302. Message From the Ambassador to Germany (Rush) to the President’s Assistant for National Security Affairs (Kissinger)1

The bureaucrats have been foiled, and as you doubtless know by now from the cables,2 we have completed an agreement. It contains virtually everything we hoped to get under our maximum demands, and the momentum inspired by Abrasimov’s wanting to conclude the agreement yesterday resulted in his making concessions which are still hard to understand. I shall not go into details, since you will have the cables by the time this arrives, but the provisions on unimpeded access, visits by West Berliners to East Berlin and the GDR, Federal ties, and representation abroad, including the use of passports in Russia, are all something that we hardly dared hope for.
Bahr is in ecstasy, and after being in touch with the Chancellor told me that the Chancellor wanted to give me any present I would name. He should be giving the presents to you and the President.
Sauvagnargues and Jackling were in something of a daze throughout the proceedings, but all in all are to be highly commended for the courage they showed. They both made very fine contributions to the final result.
The State Department at long last seemed to have caught up with the game plan and last evening while we were still negotiating I received the cable from them of which you received a copy, asking me not to conclude the agreement.3 But it was too late.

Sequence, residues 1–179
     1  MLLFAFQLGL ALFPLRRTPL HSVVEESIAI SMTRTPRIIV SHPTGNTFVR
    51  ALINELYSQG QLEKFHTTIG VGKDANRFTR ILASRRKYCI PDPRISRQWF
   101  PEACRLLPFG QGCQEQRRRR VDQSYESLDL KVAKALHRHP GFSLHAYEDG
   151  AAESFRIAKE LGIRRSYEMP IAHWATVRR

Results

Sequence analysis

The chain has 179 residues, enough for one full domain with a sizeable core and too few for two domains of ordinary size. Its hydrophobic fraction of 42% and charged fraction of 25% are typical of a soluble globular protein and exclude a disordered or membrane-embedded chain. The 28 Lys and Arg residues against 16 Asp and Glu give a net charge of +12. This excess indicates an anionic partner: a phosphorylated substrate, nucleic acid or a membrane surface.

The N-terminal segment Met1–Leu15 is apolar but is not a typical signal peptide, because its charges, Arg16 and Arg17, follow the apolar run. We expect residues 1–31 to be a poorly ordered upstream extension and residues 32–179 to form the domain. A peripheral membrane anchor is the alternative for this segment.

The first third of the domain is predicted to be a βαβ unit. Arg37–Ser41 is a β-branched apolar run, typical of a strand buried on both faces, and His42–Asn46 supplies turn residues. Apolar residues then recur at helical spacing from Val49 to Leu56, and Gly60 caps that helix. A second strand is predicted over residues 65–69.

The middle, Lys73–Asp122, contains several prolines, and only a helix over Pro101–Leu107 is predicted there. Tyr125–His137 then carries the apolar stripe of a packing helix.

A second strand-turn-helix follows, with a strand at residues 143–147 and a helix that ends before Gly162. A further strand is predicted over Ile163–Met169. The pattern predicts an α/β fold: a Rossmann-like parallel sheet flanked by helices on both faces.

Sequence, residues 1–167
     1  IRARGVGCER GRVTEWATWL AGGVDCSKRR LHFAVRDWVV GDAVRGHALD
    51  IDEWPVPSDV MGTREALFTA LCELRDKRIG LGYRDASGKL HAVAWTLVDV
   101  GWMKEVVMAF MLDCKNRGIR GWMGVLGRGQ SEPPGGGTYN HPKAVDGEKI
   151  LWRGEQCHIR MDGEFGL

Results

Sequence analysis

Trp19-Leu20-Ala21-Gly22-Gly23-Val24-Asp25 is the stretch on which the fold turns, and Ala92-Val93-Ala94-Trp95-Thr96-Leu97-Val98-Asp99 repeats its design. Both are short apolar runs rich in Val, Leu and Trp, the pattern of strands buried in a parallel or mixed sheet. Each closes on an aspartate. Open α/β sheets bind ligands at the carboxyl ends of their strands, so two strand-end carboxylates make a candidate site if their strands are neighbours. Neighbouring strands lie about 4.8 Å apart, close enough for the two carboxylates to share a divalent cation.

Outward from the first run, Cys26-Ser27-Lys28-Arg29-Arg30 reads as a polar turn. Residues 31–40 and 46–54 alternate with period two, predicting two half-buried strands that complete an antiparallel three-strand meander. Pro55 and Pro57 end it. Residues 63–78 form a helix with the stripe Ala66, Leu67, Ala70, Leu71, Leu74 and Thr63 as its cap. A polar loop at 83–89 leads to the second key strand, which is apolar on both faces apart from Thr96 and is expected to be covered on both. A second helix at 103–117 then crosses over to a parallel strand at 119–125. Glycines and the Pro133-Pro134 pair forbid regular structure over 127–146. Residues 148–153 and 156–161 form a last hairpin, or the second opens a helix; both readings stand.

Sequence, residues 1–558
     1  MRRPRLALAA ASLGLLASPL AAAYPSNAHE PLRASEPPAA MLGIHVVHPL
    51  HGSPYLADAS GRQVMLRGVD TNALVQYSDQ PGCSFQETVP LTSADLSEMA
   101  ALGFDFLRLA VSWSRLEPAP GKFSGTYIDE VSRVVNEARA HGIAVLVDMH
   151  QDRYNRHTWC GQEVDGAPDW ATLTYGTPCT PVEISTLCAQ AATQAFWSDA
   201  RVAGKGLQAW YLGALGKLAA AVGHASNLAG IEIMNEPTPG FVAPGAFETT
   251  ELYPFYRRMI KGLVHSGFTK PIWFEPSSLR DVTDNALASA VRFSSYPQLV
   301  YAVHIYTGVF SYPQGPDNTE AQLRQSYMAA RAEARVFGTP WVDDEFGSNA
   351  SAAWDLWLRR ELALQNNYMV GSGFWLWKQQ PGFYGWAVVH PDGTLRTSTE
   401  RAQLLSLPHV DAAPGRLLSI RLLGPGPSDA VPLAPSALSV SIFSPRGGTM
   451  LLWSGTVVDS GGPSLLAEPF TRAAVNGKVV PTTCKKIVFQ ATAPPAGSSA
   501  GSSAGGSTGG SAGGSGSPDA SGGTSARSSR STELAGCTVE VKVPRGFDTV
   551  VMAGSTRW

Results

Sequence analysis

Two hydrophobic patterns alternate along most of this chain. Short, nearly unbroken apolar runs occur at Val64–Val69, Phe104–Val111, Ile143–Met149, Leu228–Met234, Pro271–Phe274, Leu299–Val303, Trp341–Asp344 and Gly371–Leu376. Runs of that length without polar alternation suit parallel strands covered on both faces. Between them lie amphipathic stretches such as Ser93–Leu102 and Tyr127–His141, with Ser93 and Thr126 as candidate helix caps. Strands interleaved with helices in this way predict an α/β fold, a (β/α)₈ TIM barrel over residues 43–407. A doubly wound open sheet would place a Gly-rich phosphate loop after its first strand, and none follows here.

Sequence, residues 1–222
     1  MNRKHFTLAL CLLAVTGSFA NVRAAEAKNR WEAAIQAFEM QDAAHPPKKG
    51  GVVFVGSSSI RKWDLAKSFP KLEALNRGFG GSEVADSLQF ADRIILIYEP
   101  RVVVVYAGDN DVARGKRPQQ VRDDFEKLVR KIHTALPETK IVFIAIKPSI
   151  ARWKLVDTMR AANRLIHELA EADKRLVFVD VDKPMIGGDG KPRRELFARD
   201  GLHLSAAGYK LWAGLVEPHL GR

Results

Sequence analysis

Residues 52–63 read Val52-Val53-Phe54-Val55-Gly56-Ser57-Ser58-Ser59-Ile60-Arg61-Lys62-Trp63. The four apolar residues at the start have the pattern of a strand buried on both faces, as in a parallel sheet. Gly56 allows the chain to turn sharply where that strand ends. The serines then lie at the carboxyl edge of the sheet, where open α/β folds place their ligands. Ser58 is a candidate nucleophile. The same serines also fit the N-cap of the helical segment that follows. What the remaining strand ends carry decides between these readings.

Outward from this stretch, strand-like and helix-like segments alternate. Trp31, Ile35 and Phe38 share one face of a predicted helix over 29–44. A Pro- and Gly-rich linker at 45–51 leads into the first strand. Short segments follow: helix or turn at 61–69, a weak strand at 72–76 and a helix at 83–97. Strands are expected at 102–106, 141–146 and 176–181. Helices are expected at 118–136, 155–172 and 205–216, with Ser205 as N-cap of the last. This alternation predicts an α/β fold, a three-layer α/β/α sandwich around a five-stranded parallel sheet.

Needless to say, I have not carried out the flood of instructions containing the pet ideas in their maximum form of the various bureaucrats. They will doubtless try to change various aspects of the agreement, and this would be, as you know, very bad in our relations with Russians and otherwise. It may be necessary for you to intervene [Page 854] to prevent this from happening.4 I am sending to the Department cables justifying the failure to follow various instructions.5 These point out that the actual drafts of agreement drawn up by them at the senior level and which have always been considered too optimistic, in fact have been exceeded in terms of what we have in our present agreement. You will, of course, get copies of these cables, and I hope they will be very useful to you in handling the situation.
Nothing has been more clear to me than the fact that if the President, with your invaluable help, had not intervened, we would never have had a Berlin agreement. Once the Russians realized that we really were serious, they carried through on every understanding we had, while I had to adapt to the changes which had to come about in working with the British, French, and German Foreign Office. Abrasimov all in all did a really first class job, except that he almost gave the game plan away by looking to me for guidance too often.
I am looking forward to giving you, and I hope the President, the full story at the first opportunity. Please tell the President again how sound his approach is and how grateful I am for his entrusting me with this mission. I can only repeat that the best thing that has happened to our country is the fact that you and he are working together to help our country so magnificently.6